>It's a pity that both you and the opponent have a _geographically_ >based
>preliminary classification of the Nostratic families ("Steppe >languages"
>and "East Nostratic" respectively).

I base my classifications on the shared grammatical features I outlined, not
geographical positions. You didn't read carefully enough if you missed my
points on grammatical commonalities between these languages.

My persona, gLeNny gEe, said:
>I believe this is why Dravidian appears at odds with the current
> >understanding of Nostratic rather than being a usefool tool. (I think
>Nostraticists have something to learn from Dravidian's >"oddness".)

Alexander returned with:
>Just a thought, perhaps a very naive one.
>Dravidian is odd;
>Altaic is very odd;
>Afroasiatic is rather odd too;

Everything is apparently odd to you. Interesting how you can critique me on
that erroneous perception that I'm basing my classification on geographical
positions alone, yet, you turn around and do something much worse by
describing languages in unexplained, impressionistic terms and using this as
a basis for further speculation.

>Perhaps we have first to invent _original_ "Dravidian philology", >"Altaic
>philology" etc. and only thereafter "Nostratic philology" >integrating the
>previous ones and explaining (almost) all the >oddities? Up to now
>Nostratics seem to be standing on 1 leg (instead >of 6 as a normal insect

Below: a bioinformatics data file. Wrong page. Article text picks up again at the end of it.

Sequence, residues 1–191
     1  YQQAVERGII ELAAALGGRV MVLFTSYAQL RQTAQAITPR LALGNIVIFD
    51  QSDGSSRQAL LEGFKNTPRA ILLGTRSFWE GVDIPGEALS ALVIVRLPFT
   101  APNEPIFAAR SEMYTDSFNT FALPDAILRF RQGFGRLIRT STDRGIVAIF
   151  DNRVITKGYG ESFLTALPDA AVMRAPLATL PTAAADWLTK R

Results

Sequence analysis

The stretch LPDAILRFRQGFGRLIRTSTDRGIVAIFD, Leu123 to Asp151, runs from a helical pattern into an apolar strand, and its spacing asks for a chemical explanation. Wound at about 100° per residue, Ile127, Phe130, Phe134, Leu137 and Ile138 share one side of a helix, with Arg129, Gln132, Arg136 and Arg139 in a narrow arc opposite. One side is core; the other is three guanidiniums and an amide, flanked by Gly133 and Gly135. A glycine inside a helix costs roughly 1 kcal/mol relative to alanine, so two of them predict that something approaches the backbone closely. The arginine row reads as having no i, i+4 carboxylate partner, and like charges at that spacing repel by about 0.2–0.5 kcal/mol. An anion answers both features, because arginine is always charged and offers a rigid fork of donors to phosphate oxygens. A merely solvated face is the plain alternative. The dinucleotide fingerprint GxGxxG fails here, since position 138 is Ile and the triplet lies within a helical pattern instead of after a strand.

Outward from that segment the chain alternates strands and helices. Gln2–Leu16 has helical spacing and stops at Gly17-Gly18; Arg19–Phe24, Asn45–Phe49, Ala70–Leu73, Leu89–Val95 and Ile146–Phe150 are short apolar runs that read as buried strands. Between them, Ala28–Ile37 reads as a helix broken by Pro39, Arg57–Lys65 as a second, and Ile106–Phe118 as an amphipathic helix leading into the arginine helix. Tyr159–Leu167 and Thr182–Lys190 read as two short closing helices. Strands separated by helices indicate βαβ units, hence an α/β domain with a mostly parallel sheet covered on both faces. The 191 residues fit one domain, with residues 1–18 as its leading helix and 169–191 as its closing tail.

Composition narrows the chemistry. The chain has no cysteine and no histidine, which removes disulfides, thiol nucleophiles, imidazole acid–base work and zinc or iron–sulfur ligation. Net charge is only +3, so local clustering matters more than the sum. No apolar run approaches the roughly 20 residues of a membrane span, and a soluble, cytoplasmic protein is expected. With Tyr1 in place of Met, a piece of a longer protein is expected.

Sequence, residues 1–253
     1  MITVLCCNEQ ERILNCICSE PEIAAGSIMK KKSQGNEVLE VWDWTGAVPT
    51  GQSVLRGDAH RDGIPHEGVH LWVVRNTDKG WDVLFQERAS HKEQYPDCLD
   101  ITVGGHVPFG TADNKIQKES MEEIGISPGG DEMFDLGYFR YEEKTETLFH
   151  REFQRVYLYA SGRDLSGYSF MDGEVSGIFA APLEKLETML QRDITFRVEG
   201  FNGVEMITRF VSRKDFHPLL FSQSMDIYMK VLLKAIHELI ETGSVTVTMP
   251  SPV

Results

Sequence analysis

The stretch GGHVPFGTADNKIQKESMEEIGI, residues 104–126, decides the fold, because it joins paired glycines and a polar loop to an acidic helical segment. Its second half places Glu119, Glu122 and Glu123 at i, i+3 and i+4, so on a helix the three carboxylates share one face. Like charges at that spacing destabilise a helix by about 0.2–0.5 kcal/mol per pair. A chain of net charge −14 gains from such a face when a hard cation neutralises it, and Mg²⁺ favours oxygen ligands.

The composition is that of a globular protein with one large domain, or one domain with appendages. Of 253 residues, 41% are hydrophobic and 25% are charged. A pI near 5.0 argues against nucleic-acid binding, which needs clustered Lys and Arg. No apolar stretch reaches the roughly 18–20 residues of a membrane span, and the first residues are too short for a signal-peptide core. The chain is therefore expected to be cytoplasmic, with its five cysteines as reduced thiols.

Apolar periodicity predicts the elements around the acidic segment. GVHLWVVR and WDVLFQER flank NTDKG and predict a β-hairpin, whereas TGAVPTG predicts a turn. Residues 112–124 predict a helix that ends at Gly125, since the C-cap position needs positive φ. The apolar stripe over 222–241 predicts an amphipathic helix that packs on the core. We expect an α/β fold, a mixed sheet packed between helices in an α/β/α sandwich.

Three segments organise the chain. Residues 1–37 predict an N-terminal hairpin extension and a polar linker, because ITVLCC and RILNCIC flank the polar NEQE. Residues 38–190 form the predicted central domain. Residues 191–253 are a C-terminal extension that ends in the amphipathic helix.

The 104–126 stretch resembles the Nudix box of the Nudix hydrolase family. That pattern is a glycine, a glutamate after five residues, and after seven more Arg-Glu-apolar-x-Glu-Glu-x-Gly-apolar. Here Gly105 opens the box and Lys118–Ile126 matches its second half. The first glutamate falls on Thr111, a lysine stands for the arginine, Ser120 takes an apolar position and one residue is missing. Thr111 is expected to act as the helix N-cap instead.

>:-) Is there any sense here?

I agree that IndoEuropean is the most widely studied to the detriment of the
other families, but I still fail to understand what "odd" is supposed to
mean in your usage. Altaic and Dravidian philology have already been
"invented", but of course, in the hands of Starostin, every family he
reconstructs appears to be in an unsorted state of ignorance.

The "oddness" of Dravidian I had mentioned was specific. It was pointing to
the fact that Nostraticists have a hard time explaining the Dravidian
pronominal system which appears to differ from the readily observable
pattern of *m~*n/*t/*s for first, second and third person respectively. I
certainly did not mean that Dravidian looks any more odd than English.

BTW, I continue to hold the view that the Dravidian pronouns show the
absolutive set of Nostratic pronouns, that is, *u for 1ps and *nu for 2ps,
rather than the corresponding ergative *nu or *mu for 1ps and *tu for 2ps.
This is why Dravidian is of particular value. (While I may have laxened on
the possible existence of laryngeals in Dravidian, I'm not interested in
entertaining their existence in the pronouns since the unexplainable
laryngeal infixing that results from this point of view is too mathematical
to be taken seriously.)

- gLeN

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